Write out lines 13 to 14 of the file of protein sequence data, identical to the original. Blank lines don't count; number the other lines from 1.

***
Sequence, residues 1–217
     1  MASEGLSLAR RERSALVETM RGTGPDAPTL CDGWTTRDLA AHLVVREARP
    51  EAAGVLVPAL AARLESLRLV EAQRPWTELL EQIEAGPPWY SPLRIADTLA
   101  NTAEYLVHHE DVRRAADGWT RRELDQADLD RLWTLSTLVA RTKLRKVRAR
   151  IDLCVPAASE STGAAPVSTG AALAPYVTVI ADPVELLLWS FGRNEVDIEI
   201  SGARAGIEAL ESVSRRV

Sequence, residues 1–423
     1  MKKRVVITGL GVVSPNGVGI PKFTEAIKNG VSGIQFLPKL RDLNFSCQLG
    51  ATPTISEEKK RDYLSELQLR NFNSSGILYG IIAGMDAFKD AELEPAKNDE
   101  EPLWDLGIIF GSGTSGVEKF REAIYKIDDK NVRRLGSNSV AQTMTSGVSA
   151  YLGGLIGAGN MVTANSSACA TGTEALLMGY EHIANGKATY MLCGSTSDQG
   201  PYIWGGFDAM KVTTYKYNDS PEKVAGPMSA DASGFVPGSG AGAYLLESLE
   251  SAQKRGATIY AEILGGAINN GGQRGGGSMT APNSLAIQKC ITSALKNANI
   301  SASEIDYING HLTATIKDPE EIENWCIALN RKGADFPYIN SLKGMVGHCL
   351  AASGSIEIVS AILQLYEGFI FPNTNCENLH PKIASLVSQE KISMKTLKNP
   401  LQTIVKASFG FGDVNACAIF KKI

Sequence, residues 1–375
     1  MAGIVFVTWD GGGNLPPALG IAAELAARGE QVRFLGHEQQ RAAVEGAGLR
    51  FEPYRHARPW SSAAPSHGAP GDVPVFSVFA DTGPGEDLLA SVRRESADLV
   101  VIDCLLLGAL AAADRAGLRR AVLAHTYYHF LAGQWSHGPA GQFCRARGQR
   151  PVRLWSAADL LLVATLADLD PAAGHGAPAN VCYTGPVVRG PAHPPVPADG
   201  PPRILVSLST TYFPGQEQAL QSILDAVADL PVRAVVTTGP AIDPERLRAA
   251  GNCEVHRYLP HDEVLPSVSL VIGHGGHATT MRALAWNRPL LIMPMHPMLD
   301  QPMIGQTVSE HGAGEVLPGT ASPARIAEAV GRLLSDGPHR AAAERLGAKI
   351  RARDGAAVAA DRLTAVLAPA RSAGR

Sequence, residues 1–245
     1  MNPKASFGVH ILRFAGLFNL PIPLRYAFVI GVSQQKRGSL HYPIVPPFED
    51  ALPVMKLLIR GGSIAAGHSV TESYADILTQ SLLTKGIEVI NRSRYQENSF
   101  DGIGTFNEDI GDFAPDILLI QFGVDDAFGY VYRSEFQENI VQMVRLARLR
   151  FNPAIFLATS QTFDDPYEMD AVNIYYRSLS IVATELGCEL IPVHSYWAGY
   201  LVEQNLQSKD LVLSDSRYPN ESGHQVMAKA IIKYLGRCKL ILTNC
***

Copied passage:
   251  SAQKRGATIY AEILGGAINN GGQRGGGSMT APNSLAIQKC ITSALKNANI
   301  SASEIDYING HLTATIKDPE EIENWCIALN RKGADFPYIN SLKGMVGHCL